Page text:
I am a doubter and a believer. I have a Master's in Divinity from Pittsburgh Theological Seminary, but because faith grows and changes, I don't necessarily stand by everything I've ever written, so if you see something troubling further back, please ask! Read More.
6 thoughts on “The Lord-Liar-Lunatic Fallacy”
Mark has the passage 12:35 and following, arguing for Jesus’ preexistence.And Mark was not an eye witness. (In fact, the gospel according to Mark came arguably from various hands, as the other canonical gospels).
Some apocryphal gospels may be historically more accurate than the canonical gospels, but the former have doctrinal problems and no church transmission.
Dang it!! My trilemma t-shirt is one of favorites! Seriously, bringing it back to certainty gives focus to the whole of the post. In my youth it seemed that certainty of God/Jesus/Bible was the most important thing for faith and best way to make converts. But I have experienced that it is as Peter said, just the opposite.
Hey David, I think there are some fairly easy ways to fix the argument and I think we should try to represent the argument as charitably as we can. There are lots of background assumptions that Lewis’s argument is working with (just as you point out the gospels have as well). So we need to consider those as well. In fact just about every argument for anything (and we reason all the time so we are in effect constantly involved in arguments of various sorts) Perhaps something like the following fix would help:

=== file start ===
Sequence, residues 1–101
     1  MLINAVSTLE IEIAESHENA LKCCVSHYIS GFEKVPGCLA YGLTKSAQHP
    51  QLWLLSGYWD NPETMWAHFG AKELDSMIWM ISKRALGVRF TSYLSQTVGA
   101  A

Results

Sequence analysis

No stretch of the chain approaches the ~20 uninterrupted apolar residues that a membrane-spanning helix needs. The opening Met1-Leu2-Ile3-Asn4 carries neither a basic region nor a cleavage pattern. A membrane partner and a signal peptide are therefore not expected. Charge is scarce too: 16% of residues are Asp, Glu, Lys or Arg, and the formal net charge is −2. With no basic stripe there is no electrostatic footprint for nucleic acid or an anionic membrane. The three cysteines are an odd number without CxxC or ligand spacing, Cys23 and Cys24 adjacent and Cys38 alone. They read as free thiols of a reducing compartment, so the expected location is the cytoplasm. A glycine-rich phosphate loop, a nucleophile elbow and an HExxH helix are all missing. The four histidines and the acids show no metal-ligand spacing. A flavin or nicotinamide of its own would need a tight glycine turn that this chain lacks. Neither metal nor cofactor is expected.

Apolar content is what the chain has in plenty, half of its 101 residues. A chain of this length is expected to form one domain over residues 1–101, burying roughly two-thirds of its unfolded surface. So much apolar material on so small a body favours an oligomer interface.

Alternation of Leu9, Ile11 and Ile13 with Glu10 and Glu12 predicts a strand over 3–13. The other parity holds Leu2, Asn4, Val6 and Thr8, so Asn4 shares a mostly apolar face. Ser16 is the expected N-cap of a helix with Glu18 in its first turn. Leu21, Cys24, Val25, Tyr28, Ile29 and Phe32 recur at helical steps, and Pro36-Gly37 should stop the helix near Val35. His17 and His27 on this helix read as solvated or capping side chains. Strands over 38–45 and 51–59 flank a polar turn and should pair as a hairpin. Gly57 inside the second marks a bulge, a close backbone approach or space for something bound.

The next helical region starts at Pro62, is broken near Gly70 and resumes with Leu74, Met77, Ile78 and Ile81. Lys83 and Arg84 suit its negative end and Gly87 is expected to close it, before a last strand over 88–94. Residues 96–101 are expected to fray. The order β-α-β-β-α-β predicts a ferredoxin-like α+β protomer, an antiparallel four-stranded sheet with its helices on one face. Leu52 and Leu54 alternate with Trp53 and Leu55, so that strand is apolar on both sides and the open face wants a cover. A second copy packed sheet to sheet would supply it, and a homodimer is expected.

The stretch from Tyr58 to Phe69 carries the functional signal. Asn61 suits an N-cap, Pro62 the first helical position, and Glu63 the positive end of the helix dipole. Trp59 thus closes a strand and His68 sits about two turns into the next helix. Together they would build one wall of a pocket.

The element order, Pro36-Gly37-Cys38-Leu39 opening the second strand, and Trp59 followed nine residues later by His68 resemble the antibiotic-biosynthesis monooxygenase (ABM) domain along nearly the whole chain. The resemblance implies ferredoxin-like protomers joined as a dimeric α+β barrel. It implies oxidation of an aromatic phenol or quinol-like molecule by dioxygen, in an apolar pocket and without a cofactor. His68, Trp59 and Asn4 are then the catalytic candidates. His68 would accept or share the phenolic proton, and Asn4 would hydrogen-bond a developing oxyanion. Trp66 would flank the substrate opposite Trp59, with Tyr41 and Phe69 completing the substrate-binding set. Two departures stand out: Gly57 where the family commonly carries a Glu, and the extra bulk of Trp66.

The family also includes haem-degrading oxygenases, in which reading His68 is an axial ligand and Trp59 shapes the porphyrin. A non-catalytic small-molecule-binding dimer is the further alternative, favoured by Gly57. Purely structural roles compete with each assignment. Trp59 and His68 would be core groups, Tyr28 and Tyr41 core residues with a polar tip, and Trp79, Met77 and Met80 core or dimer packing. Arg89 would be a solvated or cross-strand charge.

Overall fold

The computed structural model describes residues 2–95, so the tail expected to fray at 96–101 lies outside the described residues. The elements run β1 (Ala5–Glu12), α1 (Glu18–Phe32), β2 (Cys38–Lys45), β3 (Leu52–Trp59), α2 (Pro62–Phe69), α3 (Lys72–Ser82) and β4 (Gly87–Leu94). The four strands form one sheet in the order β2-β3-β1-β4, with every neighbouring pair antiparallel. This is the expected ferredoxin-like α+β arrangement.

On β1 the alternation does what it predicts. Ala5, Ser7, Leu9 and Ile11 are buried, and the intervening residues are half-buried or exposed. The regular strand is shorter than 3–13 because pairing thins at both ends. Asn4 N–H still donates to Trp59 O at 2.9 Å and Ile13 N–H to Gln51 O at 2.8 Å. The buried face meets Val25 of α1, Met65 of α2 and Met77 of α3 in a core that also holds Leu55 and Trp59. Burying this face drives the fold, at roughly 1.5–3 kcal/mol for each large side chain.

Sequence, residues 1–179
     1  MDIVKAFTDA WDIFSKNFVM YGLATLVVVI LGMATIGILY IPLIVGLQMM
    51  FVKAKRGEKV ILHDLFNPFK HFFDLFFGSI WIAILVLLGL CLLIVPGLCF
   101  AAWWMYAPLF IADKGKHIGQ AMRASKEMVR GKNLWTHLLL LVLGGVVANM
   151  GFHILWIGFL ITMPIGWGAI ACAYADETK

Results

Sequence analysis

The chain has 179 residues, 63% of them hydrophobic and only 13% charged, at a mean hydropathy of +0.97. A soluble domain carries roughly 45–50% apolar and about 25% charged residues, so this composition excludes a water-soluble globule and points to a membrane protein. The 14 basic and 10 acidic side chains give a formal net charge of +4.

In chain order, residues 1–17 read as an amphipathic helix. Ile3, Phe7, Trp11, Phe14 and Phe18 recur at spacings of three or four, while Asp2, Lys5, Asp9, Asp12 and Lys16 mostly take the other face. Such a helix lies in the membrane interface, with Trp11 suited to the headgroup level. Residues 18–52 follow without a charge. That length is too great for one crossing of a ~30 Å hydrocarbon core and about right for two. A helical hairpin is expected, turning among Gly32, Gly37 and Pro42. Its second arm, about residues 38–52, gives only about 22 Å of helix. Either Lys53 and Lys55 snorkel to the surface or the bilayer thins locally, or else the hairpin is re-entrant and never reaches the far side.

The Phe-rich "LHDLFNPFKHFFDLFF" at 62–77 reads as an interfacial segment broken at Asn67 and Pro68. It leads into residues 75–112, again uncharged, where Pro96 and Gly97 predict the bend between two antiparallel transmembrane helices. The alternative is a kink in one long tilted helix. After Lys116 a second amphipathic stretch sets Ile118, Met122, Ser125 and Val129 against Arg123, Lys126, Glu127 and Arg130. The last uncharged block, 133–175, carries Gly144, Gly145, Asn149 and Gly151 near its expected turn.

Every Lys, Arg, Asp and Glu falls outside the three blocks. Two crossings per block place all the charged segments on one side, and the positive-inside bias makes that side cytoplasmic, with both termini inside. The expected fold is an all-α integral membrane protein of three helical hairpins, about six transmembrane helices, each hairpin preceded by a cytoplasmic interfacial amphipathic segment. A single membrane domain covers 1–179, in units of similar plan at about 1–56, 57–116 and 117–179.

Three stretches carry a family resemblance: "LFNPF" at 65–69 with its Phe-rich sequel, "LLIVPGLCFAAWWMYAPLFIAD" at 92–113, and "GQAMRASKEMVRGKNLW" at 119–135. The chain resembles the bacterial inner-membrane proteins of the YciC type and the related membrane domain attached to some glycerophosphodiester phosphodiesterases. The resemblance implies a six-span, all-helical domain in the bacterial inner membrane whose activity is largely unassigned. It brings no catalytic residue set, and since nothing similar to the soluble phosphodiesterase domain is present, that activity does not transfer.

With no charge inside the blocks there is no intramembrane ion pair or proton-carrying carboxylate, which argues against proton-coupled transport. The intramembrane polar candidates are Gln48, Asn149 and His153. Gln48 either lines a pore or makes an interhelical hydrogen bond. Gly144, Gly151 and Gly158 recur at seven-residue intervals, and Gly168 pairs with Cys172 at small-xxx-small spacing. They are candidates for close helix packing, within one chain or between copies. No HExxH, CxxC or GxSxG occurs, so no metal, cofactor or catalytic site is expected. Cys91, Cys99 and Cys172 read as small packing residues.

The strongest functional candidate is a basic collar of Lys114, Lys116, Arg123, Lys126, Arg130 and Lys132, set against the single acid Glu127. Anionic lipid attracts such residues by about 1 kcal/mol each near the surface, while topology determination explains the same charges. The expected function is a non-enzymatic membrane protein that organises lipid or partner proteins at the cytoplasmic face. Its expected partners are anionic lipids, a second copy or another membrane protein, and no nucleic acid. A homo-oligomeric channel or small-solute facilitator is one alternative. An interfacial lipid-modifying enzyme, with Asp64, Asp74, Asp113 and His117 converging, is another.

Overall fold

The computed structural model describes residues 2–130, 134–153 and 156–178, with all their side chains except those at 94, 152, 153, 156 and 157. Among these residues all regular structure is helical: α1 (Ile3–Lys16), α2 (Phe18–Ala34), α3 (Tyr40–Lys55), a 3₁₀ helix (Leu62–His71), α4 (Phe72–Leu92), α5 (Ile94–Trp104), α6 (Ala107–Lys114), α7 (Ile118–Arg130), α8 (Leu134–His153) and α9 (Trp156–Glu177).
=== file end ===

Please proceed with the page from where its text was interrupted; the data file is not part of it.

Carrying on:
A1. The Bible gives a fairly accurate portrayal of the person, Jesus.
A2. This portrayal the Bible gives of Jesus is of someone who claims to be God in some sense
A3. It is agreed that Jesus is a wise and wonderful person and teacher
With those assumptions in the place, the argument has a lot more force, it seems. Of course we can argue about the assumptions; Lewis knew that. He wrote about some of them elsewhere. But his point was that if someone grants the assumptions (or has them already), then the trilemma has some considerable force.